Places to visit in Goa
The Candolim Beach is one of the longest beaches in Goa which stretch from Aguada Fort to Chapora Beach. Near by attractions of Candolim beach are Anjuna Beach & market, Candolim Chruch, Baga Beach, Aguáda Fort & Jail, Chapora Fort and many more. You will find several night clubs little away from Candolim Beach around the Tito's Lane.
Calangute and Baga
Calangute and Baga (pronounced 'Cull-ung-goot' and 'Bah-Gah') in North Goa are the two most popular beach destinations in Goa. Busy and forever bustling with people, the beaches are dotted with vendors hawking everything from water sports to henna tattoos. The shacks on these two adjacent beaches are very popular and serve lip-smacking food. Simply unwind here and watch the world go by!
Palolem Beach is largely virgin and is inhabited by fishermen and tourists who live in shacks along the shore or in the main village itself. It is a mile long, crescent-shaped beach and you can view the whole beach from either end. There are a significant number of rocks here making this more of a sun-tan beach than a sandcastle building experience. The sea shelf is gradual and the currents gentle, making it safe for swimming. Incidentally, this was the beach where the Indian segment of The Bourne Supremacy with Matt Damon was shot.
Panaji (aka Panjim) is the capital city of Goa. A melting pot of cultures from around India and the world, you won't find any shortage of entertainment in this city. The Fontainhas Festival brings Panjim to life at the start of every New Year. Musicians, singers, artists and dancers from all over the country gather in Panjim to participate. As for the rest of the year, you always have the yacht casinos, ferry rides, and pork rolls you can't say no to.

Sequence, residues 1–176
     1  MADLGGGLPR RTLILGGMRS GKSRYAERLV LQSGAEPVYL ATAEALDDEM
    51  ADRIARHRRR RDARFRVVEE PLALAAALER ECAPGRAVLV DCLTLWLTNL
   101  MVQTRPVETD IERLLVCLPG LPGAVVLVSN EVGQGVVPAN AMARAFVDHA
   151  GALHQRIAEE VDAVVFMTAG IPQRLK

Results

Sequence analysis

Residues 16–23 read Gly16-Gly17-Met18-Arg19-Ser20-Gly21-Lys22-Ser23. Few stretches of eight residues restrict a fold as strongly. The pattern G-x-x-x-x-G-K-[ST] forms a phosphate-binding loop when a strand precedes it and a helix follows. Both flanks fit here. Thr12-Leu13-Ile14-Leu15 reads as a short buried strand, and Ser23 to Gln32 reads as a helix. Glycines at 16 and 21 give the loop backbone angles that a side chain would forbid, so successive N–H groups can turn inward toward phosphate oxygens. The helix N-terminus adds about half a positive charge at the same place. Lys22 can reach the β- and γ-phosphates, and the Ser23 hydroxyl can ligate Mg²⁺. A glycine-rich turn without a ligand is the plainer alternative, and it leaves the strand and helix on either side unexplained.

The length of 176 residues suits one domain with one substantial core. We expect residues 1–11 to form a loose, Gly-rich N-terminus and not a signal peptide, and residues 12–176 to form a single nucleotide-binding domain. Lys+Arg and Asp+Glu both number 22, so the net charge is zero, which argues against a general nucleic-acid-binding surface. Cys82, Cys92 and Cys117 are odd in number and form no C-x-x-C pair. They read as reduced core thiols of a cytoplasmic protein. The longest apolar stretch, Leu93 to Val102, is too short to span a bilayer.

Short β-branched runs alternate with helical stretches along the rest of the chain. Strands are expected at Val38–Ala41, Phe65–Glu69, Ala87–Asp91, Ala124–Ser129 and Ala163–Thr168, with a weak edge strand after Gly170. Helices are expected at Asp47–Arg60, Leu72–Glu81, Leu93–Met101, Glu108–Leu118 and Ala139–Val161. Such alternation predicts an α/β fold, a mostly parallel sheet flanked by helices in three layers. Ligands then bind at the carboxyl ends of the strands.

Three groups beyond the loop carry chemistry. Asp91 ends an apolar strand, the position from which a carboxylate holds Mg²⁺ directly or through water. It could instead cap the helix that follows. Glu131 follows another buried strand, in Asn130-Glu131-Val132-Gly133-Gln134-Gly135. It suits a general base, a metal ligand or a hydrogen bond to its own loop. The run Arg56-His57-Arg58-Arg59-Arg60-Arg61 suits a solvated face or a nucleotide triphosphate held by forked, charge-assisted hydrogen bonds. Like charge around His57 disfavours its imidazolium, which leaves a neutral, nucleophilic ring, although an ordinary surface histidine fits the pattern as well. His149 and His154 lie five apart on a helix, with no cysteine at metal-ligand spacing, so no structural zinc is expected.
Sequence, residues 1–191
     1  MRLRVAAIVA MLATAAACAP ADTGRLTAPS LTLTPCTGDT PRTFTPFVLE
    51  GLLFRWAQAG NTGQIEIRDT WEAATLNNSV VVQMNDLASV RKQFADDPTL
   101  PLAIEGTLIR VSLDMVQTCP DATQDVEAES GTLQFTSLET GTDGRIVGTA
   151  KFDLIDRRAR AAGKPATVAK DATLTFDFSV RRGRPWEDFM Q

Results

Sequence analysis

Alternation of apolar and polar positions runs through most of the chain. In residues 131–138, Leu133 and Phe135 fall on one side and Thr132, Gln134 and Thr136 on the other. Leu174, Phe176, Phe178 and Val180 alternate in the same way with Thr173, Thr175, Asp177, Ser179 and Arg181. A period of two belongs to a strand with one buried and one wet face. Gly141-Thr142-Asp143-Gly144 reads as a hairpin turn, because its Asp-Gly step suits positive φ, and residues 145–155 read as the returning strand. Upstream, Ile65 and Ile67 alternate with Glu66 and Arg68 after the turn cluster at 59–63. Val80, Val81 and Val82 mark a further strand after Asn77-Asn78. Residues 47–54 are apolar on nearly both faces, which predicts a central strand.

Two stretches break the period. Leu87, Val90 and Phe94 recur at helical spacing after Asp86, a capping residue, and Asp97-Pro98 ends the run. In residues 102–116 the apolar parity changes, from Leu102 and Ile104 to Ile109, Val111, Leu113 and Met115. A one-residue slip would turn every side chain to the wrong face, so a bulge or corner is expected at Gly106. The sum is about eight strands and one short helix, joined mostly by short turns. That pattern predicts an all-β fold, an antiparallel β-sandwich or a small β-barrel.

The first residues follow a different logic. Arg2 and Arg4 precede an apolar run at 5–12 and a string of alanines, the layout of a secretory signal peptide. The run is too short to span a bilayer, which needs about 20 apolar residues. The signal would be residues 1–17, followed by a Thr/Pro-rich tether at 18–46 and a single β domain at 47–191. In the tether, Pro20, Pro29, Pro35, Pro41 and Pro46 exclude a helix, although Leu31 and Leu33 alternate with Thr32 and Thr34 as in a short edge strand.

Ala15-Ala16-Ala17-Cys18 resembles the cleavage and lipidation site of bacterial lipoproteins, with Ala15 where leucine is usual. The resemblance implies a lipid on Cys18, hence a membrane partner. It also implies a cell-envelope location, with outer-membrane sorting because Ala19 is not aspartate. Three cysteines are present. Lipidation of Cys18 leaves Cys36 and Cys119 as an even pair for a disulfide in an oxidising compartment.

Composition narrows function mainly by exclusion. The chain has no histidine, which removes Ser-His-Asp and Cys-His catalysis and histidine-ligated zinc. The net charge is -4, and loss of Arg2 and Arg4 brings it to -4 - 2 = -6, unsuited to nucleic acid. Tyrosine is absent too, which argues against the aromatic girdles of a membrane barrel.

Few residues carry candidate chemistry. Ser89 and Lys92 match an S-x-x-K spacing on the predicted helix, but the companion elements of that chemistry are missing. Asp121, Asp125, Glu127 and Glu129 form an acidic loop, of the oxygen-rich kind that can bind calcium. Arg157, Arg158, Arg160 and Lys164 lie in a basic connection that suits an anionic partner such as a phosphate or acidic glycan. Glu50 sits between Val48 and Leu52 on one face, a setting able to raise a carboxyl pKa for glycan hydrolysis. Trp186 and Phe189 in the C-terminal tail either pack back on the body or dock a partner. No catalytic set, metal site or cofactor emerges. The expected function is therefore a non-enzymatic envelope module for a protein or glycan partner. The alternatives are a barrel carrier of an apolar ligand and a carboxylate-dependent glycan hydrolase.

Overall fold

Margao (pronounced 'mud-ga-o') is the cultural and commercial capital of Goa. It lies somewhat in the middle of a long white-sand beach which spans almost 30 kilometres. Margao is located close to the South Goan, white sand beaches of Palolem (38 kilometers), Colva and Benaulim (about 6-8 kilometers). Margao is known for its huge Indo-Portuguese style mansions.
Old Goa Few tourists look beyond Goa's sun kissed beaches, but with some good planning and a resourceful tour manager, you will be able to discover a side of the 'sun-kissed state' that you wouldn't see otherwise. Visit Old Goa if you're in the mood to go back in time and wander through quaint Christian and Portuguese villages nestled among lush paddy fields and magnificent cathedrals and churches bursting at the seams with history.
Fort Aguada is not very crowded and better if you're looking for a romantic stroll or some quiet sunbathing time. It is popular with tourists who choose to live on the more expensive, quieter part of North Goa. Don't miss the historic 4-story lighthouse at the Fort...it's the largest of its kind in Asia!
Dona Paula There is no documented lover's tragedy behind the statue of Dona Paula but the legend is enough to bring scores of visitors to this place every year. Dona Paula is a fun beach, popular for its water sports facilities like windsurfing, parasailing, water-skiing, harpoon fishing, kayaking, snorkeling, and yachting. A colorful water sports festival is hosted on the beach in November every year.
Church of St. Francis Assisi
West of Se Cathedral, the Church of St Francis of Assisi is one of the most interesting buildings in Old Goa. Created in the year 1517 by the famous eight Franciscan friars this Convent started off the block as a small chapel constructed few houses belonging to Thanedar Joao Machado were offered by the Governor to the friars. Modified in 1521 as a church it was later consecrated on 2nd Aug 1602 to the Holy Spirit. The Convent plays host to a museum of Archeological survey of India and boast of some of the best collections of artifacts, sculptures and paintings. The scenes from the Bible are displayed on the wall frescoes inside the convent and the original nine altars and six chapels have been reduced to only three. Like many other churches in Old Goa, this church has the tombstones of many of the Portuguese gentry laid into the floor. The font situated just besides the door, is made partly from a fragment of an old pillar from a Hindu temple.